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After Joe Biden was declared the president-elect, the Trump campaign doubled down on their unsubstantiated claims of voter fraud. Trump tweeted out a variety of conspiracy claims of widespread voter fraud, with no evidence, alongside claiming he won the election. The Trump campaign has filed lawsuits in key states such as Michigan, Wisconsin, Arizona, Nevada, Georgia, and Pennsylvania. These lawsuits allege voter fraud despite the lack of evidence. So far none of the lawsuits have been successful in front of a judge, and many have been thrown out.
These actions are dangerous and undemocratic. To allege voter fraud in states that were lost by the Republican party, but not those that they won shows the hypocrisy and the true nature of the lawsuits that have been filed by the Trump campaign. Moreover, it sends the wrong message to the governments of the world. To challenge the results of an election with no evidence in order to retain power not only puts our own democracy in jeopardy, but also the democracies around the world who may follow in the footsteps of the current president. This is not only about this one particular election, but about all the elections that will follow in the United States. Are Donald Trump’s childish tantrums really what America wants its democracy to look like?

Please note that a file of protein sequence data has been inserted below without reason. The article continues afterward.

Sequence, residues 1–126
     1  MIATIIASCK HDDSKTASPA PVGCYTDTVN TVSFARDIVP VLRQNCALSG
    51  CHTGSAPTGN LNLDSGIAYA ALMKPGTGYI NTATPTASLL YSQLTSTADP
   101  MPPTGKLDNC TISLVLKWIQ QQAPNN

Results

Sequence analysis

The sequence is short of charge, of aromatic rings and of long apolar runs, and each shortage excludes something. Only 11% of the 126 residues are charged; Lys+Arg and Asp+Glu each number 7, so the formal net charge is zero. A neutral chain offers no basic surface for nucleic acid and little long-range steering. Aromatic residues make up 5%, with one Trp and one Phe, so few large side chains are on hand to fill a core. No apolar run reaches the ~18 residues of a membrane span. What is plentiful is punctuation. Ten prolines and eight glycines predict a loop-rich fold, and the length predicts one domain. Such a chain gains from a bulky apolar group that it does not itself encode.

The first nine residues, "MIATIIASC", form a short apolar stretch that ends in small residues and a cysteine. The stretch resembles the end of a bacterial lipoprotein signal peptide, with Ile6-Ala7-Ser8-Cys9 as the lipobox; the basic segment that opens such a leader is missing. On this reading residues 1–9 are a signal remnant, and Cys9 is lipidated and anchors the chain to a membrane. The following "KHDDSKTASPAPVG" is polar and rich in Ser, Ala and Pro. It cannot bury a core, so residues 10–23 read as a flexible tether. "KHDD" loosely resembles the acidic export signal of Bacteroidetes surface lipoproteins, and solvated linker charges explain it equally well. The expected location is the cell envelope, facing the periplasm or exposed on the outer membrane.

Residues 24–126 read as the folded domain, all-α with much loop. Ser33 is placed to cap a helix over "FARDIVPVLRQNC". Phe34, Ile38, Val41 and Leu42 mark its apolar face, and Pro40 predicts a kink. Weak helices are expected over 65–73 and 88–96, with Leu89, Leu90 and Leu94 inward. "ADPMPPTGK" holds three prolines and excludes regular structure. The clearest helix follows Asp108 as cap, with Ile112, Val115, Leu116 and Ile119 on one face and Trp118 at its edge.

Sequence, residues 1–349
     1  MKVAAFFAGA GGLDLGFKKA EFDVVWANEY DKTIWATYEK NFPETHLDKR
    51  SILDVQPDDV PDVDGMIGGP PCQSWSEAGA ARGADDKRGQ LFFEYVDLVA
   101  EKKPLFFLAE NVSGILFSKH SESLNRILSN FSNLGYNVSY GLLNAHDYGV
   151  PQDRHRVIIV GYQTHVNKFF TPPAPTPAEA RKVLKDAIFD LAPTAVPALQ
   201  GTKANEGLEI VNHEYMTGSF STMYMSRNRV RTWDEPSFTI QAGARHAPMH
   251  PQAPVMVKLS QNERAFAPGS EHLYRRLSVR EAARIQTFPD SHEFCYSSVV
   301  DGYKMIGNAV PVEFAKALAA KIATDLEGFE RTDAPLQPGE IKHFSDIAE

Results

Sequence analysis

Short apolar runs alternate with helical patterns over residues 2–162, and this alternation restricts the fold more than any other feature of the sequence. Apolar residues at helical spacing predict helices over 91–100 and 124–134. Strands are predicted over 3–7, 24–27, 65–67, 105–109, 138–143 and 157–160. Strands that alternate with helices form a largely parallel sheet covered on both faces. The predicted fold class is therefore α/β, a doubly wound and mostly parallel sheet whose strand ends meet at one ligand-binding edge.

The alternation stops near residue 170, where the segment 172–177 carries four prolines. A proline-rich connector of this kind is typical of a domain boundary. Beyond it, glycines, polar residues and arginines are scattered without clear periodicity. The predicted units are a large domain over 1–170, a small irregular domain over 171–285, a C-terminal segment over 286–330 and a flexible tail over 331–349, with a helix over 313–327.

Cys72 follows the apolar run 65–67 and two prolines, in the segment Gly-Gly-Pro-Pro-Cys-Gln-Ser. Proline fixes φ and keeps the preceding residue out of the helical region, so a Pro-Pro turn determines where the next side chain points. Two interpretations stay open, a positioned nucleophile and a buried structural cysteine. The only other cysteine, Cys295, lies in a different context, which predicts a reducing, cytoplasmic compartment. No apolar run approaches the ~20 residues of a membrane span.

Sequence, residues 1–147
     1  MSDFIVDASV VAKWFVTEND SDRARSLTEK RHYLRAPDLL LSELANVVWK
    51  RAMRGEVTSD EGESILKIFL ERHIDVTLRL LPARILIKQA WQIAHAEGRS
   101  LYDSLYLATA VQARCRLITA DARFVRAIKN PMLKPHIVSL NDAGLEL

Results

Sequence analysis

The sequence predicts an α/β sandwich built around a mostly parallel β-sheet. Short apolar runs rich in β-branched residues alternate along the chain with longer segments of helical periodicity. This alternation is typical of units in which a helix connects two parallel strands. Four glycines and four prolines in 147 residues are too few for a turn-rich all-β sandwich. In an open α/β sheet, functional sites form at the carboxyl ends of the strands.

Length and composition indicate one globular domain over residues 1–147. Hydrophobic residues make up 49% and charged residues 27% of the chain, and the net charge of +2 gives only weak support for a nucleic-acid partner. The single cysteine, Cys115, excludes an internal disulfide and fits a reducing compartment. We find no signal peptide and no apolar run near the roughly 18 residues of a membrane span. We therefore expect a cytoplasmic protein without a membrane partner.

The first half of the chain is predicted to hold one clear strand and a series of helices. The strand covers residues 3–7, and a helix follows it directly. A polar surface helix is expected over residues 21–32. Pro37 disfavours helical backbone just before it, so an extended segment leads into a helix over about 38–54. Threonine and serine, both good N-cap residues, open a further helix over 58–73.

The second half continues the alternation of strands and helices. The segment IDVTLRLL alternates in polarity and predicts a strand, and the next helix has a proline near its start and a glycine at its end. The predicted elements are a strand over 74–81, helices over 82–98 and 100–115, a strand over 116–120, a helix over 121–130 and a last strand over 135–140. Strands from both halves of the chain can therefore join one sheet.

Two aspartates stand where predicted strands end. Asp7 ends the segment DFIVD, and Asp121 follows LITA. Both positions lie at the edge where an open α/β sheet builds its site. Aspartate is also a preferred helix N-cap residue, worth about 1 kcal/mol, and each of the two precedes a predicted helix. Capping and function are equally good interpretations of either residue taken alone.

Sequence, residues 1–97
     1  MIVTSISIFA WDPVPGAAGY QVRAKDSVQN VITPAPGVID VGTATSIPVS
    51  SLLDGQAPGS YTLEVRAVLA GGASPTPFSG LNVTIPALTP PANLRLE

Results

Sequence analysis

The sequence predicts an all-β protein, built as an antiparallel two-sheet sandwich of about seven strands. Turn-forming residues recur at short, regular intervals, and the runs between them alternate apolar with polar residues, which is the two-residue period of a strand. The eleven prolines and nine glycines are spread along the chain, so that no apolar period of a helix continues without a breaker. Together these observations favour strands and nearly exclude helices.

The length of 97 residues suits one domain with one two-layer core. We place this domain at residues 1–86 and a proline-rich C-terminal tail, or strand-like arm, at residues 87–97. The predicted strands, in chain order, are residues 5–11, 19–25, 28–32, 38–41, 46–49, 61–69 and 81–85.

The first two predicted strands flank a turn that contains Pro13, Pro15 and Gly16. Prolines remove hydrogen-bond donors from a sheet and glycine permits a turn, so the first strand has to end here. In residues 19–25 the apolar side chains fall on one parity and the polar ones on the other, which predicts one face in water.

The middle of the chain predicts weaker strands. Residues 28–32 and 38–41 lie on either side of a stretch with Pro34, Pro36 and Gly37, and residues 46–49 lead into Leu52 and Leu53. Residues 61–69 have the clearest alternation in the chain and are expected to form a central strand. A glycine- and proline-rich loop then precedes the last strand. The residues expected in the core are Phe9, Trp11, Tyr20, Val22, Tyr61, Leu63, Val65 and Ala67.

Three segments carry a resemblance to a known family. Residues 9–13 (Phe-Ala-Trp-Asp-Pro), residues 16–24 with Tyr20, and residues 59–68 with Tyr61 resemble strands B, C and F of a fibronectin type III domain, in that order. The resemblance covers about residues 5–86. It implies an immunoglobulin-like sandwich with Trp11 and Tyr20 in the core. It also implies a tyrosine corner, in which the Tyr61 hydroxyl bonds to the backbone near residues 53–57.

Not to mention the power behind Donald Trump’s words, especially to his followers. Secretary of State, Mike Pompeo on November 10th, declared with a smirk that there would be “a smooth transition to a second Trump administration”. Those who are sworn to protect the constitution and the United States democracy are directly undermining it for the sake of consoling the president’s feelings is a national embarrassment.
It’s time to concede and accept the new president-elect, former Vice President Joseph R. Biden.
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However, for the sake of a transition of power, conceding is actually not necessary. As conservative lawyer John Yoo stated, “The thing about the American Constitution is that it doesn’t actually require the sitting president to do anything one way or the other. On January 20th, Donald Trump’s term ends and Joe Biden’s, I believe, will begin.” The constitution’s 20th Amendment states that “The terms of the President and Vice President shall end at noon on the 20th day of January…and the terms of their successors shall then begin.” Nowhere in the constitution is it noted that the losing party must concede.